03 November 2023


On October 18th, 2023, CLECAT’s Director General Nicolette van der Jagt participated to the GreenPort Congress “Balancing environmental challenges with economic demands” held in Lisbon.

Ms van der Jagt participated in the “fully female” panel discussion which gathered other speakers: Ms Lamia Kerdjoudj, Director of FEPORT, Ms Isabelle Ryckbost Secretary General, European Sea Ports Organization, Ms Isabel Moura Ramos Executive Board Member, Port of Lisbon Authority and Ms Maja Markovčić Kostelac – Executive Director, European Maritime Safety Agency

Ms Nicolette van der Jagt, director of general of CLECAT, pointed out that all modes of transport, including maritime, have been confronted with a huge amount of legislation recently, including the Greening Freight Transport Package and the Customs Reform. “We try to bring the practicalities to a lot of the proposals from the EC which are often being made behind a desk,” she said. She noted that the adoption of the Fit for 55 package is a step forward and the legislation will accelerate the green transformation of the transport and logistics sector in Europe. The success of decarbonisation of the sector will depend on proper enforcement and compliance and sufficient investment incentives for the transport and logistics sector.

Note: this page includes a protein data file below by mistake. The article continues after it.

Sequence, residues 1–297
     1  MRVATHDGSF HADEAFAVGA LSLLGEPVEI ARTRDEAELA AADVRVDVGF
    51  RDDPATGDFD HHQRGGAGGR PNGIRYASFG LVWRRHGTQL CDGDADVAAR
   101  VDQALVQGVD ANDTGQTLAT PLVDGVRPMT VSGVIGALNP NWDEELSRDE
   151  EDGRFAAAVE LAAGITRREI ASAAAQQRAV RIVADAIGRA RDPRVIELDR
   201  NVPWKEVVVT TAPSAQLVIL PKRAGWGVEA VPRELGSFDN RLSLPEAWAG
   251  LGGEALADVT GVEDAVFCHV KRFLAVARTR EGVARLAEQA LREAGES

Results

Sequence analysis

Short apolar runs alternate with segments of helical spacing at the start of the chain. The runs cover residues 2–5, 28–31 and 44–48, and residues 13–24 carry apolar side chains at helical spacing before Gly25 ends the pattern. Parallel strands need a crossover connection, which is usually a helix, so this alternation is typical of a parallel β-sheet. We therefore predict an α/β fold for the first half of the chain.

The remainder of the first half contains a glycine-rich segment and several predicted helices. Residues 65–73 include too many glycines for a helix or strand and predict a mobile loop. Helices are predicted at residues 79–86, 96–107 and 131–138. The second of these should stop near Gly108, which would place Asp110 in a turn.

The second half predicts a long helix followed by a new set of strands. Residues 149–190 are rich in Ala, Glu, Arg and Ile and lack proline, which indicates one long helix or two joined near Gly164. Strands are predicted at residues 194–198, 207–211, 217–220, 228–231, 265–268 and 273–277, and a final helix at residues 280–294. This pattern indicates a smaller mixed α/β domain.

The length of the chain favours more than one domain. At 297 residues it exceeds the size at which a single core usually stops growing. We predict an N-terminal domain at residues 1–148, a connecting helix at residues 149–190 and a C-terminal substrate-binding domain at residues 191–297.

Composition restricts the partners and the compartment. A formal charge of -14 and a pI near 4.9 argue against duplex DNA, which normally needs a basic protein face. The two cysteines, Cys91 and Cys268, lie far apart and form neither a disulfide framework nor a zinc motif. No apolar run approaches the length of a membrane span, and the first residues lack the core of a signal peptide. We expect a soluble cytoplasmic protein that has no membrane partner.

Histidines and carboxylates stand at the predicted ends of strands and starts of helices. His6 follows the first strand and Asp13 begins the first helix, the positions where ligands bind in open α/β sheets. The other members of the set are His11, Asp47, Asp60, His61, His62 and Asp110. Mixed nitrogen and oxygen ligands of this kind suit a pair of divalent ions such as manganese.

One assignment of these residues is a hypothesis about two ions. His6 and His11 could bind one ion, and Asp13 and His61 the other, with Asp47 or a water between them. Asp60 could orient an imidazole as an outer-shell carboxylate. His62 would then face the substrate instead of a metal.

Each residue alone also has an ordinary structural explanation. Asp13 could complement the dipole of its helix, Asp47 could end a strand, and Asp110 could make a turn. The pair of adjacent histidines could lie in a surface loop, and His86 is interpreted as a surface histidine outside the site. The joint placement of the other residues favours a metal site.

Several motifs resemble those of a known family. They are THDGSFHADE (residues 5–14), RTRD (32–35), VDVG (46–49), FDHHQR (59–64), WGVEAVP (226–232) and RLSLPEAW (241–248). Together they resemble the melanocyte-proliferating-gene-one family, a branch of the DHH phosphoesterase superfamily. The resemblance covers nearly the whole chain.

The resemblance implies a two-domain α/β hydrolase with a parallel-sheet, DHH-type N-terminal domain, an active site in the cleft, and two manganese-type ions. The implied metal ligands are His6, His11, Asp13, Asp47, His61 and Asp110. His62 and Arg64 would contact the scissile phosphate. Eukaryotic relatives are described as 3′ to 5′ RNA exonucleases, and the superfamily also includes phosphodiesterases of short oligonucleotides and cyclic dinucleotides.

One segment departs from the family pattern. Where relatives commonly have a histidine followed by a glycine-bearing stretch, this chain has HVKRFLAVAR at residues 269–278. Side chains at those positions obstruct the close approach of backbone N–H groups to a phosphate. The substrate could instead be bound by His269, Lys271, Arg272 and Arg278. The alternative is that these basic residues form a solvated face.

FEPORT Secretary General said that competitiveness and resilience are key for FEPORT members. “We are of course taking very proactive action within the EU when it comes to the environment, and this is something we should be proud of. At the same time, other regions are not adopting similar legislation. So competitors close to Europe are not going to have compliance and implementation costs that EU companies will have. That is of great concern. We want close and swift monitoring by the European Commission on the impacts – because, as you know, when cargo leaves a port, it generally doesn’t come back.”

Ms Isabelle Ryckbost, Secretary General of ESPO, said: “Sustainability is one of the main pillars for ports – green and sustainability is the only way forward. But as we are now getting into the phase of implementation of European regulations, we already see some problems”.

Ms Isabel Moura Ramos, executive board member at the Port of Lisbon Authority, described the port’s discussions around the future of inland navigation to achieve a modal shift – “but we talk with operators and they say, who is going to pay for the movements in the terminal to the barge and from the barge to logistics and we say – we all need to pay it, it is not just the port authority. We are already paying that with the external negative impacts we have from the trucks that go out of our terminal. This is a difficult exercise but there is openness to new business models. We need to think about new business models inside the ports – there is no way out.”

Ms Maja Markovcic Kostelac, executive director of EMSA, said: “We as Europe are not just introducing high standards to implement them, but we are really trying to spread and promote a global approach.” This happens at the IMO and also includes issues such as workers’ and seafarers’ rights, she added. “The risk is global. Maritime transport is global, so solutions should be found on a global level. Nevertheless, we all know the global community is not a nice family sitting around the table sticking to agreement. We are not naïve. But we are trying to bring the same level playing field to the areas around us.’